Lead disrupts calcium metabolism, hemoglobin synthesis, and neural function. The symptoms include anemia, abdominal colic, and, most important, impaired neurological function, which in infants and children can cause long-term, probably permanent, damage, including mental retardation at high exposure levels, and cognitive deficits detectable by neuropsychological tests among children with relatively low background lead exposure levels. This effect has been confirmed in cohort studies in several parts of the world. The toxic effects of lead were known to the Roman scholar Pliny the Elder (23–79 ce) and described by the British physician George Baker (1722–1809), but it took persuasive scientific evidence of neurological damage to children and persistent public outrage to induce legislators to enact moderate safeguards by the late 20th century, and even these were resisted by the lead industry.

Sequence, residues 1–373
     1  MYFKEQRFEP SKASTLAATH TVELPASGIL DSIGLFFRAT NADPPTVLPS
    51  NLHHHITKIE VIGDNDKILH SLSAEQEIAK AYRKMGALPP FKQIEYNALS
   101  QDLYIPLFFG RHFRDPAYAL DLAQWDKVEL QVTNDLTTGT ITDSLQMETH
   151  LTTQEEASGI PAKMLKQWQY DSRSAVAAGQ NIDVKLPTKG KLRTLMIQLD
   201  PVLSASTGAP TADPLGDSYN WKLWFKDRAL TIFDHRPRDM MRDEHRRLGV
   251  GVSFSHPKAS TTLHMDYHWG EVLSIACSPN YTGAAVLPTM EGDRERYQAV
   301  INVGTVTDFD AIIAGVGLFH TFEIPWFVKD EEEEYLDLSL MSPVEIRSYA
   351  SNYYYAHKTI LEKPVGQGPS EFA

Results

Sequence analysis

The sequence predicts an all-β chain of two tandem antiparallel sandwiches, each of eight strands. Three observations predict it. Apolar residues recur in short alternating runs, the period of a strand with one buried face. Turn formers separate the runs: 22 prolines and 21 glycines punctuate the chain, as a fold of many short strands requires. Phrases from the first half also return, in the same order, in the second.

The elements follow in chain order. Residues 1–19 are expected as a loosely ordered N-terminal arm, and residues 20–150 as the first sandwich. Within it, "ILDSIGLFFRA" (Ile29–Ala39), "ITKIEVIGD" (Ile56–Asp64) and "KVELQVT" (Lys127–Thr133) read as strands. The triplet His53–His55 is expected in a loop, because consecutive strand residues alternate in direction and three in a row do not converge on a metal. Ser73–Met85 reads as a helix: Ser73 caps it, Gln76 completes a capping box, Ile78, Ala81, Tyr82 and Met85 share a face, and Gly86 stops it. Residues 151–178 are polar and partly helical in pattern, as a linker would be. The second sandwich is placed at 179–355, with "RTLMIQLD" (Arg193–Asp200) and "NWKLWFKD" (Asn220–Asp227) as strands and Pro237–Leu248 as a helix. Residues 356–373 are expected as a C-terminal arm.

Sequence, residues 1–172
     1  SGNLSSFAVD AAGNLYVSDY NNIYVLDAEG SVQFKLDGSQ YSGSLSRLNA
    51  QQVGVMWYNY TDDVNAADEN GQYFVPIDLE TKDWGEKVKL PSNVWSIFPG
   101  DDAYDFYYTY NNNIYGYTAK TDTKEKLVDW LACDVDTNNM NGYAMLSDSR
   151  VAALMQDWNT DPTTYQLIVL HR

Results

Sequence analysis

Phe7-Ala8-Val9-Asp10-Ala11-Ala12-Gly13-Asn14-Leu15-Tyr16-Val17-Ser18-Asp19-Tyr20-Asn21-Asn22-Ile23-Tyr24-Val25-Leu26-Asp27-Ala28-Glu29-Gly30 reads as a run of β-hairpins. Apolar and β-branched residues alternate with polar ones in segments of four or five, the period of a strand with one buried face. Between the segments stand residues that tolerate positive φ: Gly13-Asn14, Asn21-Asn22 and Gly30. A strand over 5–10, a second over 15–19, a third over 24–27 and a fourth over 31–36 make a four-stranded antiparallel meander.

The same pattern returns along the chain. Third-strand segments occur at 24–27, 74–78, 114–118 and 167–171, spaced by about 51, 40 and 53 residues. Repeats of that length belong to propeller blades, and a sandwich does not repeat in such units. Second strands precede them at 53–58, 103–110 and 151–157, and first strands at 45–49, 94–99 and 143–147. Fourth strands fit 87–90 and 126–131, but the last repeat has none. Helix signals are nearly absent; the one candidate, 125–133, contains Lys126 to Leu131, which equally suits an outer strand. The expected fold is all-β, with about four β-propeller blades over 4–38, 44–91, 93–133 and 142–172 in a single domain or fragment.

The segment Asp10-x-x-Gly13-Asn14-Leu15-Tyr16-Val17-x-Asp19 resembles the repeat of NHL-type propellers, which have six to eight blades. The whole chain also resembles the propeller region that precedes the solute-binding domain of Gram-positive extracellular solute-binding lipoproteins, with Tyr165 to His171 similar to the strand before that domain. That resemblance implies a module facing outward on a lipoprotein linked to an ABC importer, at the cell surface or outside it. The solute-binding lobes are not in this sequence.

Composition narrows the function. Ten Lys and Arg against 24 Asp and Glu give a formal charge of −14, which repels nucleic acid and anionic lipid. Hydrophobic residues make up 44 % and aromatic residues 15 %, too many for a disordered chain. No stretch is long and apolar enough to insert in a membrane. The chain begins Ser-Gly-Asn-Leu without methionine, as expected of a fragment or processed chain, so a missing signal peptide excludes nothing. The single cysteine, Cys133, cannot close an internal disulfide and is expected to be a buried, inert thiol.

Subjects: Public Health and Epidemiology.